Respiratory syncytial virus-related encephalitis: Magnetic resonance imaging findings with diffusion-weighted study

Arim Park, Sang Il Suh, Gyu Ri Son, Young Hen Lee, Hyung Suk Seo, Baik Lin Eun, Nam Joon Lee, Hae Young Seol

Research output: Contribution to journalArticlepeer-review

26 Citations (Scopus)


Introduction: Respiratory syncytial virus (RSV) is a common pathogen causing acute respiratory infection in children. Herein, we describe the incidence and clinical and magnetic resonance imaging (MRI) findings of RSV-related encephalitis, a major neurological complication of RSV infection. Methods: We retrospectively reviewed the medical records and imaging findings of the patients over the past 7 years who are admitted to our medical center and are tested positive for RSV-RNA by reverse transcriptase PCR. In total, 3,856 patients were diagnosed with RSV bronchiolitis, and 28 of them underwent brain MRI for the evaluation of neurologic symptoms; 8 of these 28 patients had positive imaging findings. Five of these 8 patients were excluded because of non-RSV-related pathologies, such as subdural hemorrhage, brain volume loss due to status epilepticus, periventricular leukomalacia, preexisting ventriculomegaly, and hypoxic brain injury. Results: The incidence of RSV-related encephalitis was as follows: 3/3,856 (0.08 %) of the patients are positive for RSV RNA, 3/28 (10.7 %) of the patient underwent brain MRI for neurological symptom, and 3/8 (37.5 %) of patients revealed abnormal MR findings. The imaging findings were suggestive of patterns of rhombenmesencephalitis, encephalitis with acute disseminated encephalomyelitis, and limbic encephalitis. They demonstrated no diffusion abnormality on diffusion-weighted image and symptom improvement on the follow-up study. Conclusion: Encephalitis with RSV bronchiolitis occurs rarely. However, on brain MRI performed upon suspicion of neurologic involvement, RSV encephalitis is not infrequently observed among the abnormal MR findings and may mimic other viral and limbic encephalitis. Physicians should be aware of this entity to ensure proper diagnosis and neurologic care of RSV-positive patients.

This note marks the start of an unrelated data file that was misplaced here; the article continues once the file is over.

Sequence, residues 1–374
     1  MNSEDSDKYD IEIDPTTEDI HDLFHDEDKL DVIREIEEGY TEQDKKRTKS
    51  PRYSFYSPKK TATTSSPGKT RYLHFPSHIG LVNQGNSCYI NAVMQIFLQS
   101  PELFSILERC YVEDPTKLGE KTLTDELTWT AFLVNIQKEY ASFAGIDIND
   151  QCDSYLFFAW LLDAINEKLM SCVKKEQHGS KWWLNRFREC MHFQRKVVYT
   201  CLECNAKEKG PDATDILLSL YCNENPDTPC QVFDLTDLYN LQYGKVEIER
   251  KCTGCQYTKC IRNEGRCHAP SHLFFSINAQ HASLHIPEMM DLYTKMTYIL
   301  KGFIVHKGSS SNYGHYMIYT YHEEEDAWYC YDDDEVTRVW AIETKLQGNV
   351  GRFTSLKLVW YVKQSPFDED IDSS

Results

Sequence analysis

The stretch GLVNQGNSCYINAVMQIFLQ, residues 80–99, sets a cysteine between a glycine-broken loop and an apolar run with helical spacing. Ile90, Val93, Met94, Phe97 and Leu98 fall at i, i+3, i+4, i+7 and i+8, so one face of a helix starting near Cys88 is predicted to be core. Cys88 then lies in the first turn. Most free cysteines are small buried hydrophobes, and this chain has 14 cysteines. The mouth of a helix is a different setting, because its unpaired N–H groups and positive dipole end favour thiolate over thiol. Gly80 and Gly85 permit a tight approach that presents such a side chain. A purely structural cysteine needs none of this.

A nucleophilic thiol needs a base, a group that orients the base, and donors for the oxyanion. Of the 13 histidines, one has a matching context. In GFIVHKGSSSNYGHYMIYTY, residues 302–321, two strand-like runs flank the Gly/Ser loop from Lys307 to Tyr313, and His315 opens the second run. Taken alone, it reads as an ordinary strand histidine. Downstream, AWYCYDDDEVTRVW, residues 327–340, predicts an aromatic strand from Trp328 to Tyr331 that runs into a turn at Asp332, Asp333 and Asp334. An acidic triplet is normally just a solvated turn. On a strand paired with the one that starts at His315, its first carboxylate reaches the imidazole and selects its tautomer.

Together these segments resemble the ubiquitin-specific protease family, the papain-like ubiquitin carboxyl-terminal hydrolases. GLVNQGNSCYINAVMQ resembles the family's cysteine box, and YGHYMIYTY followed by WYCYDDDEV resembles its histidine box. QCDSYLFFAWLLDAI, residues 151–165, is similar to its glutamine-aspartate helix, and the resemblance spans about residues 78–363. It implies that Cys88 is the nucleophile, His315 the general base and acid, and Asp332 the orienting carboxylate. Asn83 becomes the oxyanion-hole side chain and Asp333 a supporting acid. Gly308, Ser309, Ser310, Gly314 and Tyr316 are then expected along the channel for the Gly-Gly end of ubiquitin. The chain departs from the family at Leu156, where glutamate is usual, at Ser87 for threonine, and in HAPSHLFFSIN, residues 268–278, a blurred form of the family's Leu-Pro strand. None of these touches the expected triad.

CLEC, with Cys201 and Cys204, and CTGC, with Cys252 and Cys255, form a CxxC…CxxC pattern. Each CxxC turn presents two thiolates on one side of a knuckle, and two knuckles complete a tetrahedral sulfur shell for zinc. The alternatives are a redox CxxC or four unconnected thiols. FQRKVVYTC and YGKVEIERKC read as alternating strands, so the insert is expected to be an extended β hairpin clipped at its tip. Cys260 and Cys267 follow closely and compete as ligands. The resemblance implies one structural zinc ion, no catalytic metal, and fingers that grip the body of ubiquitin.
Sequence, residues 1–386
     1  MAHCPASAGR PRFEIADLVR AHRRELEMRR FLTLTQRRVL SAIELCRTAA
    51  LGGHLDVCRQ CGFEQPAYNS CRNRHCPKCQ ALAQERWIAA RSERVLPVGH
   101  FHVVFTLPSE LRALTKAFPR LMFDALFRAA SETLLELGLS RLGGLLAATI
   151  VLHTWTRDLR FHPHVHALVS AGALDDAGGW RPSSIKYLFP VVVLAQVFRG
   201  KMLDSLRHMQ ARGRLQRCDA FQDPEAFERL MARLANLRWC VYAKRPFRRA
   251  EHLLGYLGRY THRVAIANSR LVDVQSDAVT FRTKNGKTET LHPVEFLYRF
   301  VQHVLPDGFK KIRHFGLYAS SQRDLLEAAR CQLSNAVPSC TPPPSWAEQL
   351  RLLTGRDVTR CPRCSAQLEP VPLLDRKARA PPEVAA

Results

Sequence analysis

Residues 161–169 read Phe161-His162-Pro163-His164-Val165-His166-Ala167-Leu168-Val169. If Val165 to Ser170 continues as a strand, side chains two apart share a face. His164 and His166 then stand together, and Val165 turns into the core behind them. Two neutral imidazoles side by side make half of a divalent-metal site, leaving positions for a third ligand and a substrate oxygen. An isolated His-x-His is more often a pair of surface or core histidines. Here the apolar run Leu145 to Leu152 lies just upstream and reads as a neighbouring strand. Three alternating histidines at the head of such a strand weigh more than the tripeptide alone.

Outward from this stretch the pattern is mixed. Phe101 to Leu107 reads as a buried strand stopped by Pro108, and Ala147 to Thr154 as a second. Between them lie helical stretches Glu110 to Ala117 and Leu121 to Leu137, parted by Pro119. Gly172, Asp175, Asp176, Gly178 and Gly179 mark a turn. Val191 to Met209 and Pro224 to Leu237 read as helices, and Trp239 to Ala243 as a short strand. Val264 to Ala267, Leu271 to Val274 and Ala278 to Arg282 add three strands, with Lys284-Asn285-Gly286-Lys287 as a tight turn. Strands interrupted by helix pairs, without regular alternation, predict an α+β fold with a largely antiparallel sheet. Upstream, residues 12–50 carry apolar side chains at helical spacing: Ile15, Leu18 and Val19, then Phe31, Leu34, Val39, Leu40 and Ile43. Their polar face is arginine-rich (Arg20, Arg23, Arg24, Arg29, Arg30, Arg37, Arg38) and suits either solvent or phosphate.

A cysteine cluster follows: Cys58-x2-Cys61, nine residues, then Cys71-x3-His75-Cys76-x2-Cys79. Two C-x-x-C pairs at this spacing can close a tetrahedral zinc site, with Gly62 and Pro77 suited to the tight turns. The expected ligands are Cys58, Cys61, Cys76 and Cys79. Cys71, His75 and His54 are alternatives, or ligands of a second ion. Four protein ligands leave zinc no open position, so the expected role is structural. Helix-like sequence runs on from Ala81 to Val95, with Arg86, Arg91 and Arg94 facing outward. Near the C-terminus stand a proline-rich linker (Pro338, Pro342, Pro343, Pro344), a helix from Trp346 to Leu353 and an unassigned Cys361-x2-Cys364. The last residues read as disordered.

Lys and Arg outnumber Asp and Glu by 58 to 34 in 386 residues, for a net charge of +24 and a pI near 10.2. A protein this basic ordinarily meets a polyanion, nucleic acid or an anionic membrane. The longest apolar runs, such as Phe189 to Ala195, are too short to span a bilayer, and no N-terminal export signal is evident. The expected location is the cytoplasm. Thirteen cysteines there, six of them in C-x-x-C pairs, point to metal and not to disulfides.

Original languageEnglish
Pages (from-to)163-168
Number of pages6
Issue number2
Publication statusPublished - 2014 Feb
Externally publishedYes

Bibliographical note

Funding Information:
This study was supported by a Korea University


  • Encephalitis
  • Magnetic resonance
  • Respiratory syncytial virus

ASJC Scopus subject areas

  • Radiology Nuclear Medicine and imaging
  • Clinical Neurology
  • Cardiology and Cardiovascular Medicine


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